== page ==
Am I actually helping them when I frame things this way? Or am I only making myself feel better?

It’s a small sample size and completely anecdotal: After we have this conversation, they don’t return to the unit.

Maybe they were never going to come back, anyway.

Lessons Nonfiction Observations Reflection

On Knowing Yourself.

I know of only two people who, upon starting medical school, knew that they wanted to become psychiatrists. (How did they know what they wanted to do eight years before they did it???) They both achieved their professional goals: One created a community clinic for people with severe psychiatric illnesses. The other became an addiction psychiatrist and now oversees an entire substance use disorder program for a health care organization.

I was not one of those people. As a youth, I aimed for family medicine, a generalist that would help people of all ages. While studying microbiology in college, I aimed for infectious diseases: The ingenuity of single-cell organisms! The science behind antibiotics and antiretroviral medications! The elegance of diagnosis and treatment! (My fascination with microbiology persists.) In medical school, I learned that infectious disease is a subspecialty of internal medicine and, WOW, there are a lot of subspecialities within internal medicine! Oncology (cancer) and nephrology (kidneys) captured my attention for a while—more incredible physiology that occurs on a cellular level!—and, then, seemingly out of nowhere, appeared psychiatry.

We’re biased when we look back at how things unfolded: We can’t change the past, so we tell ourselves that it all worked out the way it was supposed to. So, yes, of course I was supposed to go into psychiatry all along.

It became clear during my psychiatric training that I prefer to work with people who are experiencing severe psychiatric symptoms, particularly psychosis (e.g., people who hear voices saying terrible things about them, people who believe that someone has exchanged their internal organs for someone else’s). I also like the intersection and interplay of physical and mental conditions: Sometimes people who have significant medical illness develop striking psychiatric symptoms, which resolve along with their medical illnesses. Sometimes people with significant psychiatric illnesses develop significant medical problems, and successful treatment of both conditions requires teamwork. Complex problems are fascinating. Witnessing people recover from complicated conditions is rewarding. I’m lucky that I have had the opportunities to do this work.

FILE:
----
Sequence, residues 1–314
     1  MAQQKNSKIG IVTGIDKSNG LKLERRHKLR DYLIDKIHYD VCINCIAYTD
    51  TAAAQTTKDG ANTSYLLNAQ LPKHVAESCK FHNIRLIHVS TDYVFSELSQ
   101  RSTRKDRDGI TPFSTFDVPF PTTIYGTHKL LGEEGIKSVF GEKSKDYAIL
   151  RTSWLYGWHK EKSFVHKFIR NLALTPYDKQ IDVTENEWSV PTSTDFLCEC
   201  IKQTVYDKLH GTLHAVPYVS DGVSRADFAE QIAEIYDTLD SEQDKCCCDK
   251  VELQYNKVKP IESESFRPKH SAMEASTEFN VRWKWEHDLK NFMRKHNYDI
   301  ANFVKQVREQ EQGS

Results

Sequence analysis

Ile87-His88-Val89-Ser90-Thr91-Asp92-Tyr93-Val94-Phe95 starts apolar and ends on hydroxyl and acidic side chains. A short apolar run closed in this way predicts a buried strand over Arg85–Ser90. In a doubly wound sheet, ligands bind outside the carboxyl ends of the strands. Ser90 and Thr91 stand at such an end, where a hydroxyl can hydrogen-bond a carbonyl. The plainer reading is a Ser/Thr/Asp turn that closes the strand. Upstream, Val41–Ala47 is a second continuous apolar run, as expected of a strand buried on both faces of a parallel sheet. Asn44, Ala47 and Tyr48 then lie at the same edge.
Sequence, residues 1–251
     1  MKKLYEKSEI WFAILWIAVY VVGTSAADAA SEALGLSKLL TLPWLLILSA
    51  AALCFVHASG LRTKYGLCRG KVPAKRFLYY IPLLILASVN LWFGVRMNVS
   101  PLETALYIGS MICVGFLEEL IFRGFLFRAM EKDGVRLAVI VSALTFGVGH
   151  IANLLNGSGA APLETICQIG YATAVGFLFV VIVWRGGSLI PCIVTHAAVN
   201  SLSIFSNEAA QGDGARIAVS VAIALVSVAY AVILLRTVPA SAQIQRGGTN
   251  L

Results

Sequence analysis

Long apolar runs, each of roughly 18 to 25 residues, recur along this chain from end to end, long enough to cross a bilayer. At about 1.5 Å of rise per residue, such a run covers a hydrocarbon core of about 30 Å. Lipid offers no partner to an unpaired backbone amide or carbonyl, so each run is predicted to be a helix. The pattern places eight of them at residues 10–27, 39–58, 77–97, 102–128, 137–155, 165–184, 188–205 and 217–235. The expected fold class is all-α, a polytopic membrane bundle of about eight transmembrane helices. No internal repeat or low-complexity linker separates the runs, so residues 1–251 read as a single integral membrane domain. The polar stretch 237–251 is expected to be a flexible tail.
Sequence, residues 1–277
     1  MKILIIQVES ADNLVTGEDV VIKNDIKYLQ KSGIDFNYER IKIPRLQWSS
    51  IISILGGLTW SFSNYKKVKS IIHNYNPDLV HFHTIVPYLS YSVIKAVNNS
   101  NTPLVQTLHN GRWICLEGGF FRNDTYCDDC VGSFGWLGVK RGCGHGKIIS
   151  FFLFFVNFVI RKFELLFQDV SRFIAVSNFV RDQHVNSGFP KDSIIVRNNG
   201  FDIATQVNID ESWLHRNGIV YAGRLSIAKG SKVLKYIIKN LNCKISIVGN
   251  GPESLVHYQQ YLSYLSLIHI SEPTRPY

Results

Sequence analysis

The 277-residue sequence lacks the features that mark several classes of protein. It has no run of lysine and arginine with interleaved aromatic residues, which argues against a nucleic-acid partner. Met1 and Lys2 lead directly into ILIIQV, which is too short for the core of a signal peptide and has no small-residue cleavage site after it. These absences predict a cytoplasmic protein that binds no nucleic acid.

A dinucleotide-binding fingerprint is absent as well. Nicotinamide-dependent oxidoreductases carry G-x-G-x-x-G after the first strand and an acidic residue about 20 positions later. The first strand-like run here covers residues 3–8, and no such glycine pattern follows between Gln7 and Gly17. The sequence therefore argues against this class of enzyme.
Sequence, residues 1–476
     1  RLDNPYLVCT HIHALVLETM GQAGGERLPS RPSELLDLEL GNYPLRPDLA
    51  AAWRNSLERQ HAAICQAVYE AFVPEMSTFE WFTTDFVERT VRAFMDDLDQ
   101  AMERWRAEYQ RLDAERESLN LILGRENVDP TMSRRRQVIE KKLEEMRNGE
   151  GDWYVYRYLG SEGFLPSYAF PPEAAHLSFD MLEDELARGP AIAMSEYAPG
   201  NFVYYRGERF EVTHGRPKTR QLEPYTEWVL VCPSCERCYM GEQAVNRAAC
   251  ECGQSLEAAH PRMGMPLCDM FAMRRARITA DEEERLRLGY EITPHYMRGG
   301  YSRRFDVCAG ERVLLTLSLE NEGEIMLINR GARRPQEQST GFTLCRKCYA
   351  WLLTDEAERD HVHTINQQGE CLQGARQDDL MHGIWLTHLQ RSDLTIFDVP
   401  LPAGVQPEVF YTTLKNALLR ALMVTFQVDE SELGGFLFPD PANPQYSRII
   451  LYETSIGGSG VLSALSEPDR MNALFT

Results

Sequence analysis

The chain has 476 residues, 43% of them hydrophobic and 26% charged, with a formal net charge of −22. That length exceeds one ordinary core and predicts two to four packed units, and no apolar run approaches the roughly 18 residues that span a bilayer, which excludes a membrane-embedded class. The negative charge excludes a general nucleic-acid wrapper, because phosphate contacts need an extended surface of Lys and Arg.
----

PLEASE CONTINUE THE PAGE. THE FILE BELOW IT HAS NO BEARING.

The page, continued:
I’ve also recognized that I am not consistently warm and empathic to people who are experiencing mild psychiatric symptoms. Two previous patients come to mind:

  • “I’m so stressed out,” she said while wringing her hands. She began to pick at the tassel of her Coach bag. “I don’t know which to remodel first: The beach house? the pied-a-terre? or the kitchen in our home? It’s all I think about and I’m starting to lose sleep over this.”
  • “My girlfriend started taking Prozac a few months ago, and it seemed to really help her. She has a lot more creativity. I’m thinking it might help me with that, too. In my line of work, creativity is important and if Prozac will help me with that, I won’t feel as much pressure on the job.”

For the woman with the three properties, we worked through that with minimal use of medications. I’m not proud to say that, for the man who desired creativity, I stared at him blankly when he was done speaking.

It’s important to know yourself. As I understand it, it usually takes at least a lifetime to learn about yourself. Even then, most people never know themselves completely by the time they die.

Learning about yourself helps you recognize how you could do things better or differently. We all have our weaknesses. They exist, even if we wish they didn’t. Everyone else sees them, even though we don’t.

There are many ways to get glimpses of our blind spots. If we’re willing to linger a bit when we catch these glimpses, we have the opportunity to make ourselves more awesome.

However, it’s hard to linger because these glimpses often occur when we’re angry or annoyed. Maybe you make an executive decision for something to happen and a lot of people don’t like it. Maybe you learn that not as many people liked or supported you when you thought they did. Maybe you wish that an institution or a group of people would write or say nice things about you, but they don’t.

How it burns!

These are all opportunities to get to know yourself a little better:

  • What emotion am I experiencing?
  • What happened that led me to feel this way?
  • What do I think the truth is?
  • Is it possible that what I think is true isn’t actually true?
  • What questions could I ask to learn more?
  • What do I think might happen if I start to ask questions?
  • What would it mean to show ignorance?
  • What would it mean if I were wrong?

Wherever you go, you bring yourself with you. Even if you do not yet have any interest in learning about youself, that doesn’t stop other people from learning about you. It is much more humiliating when everyone else knows you much better than you know yourself.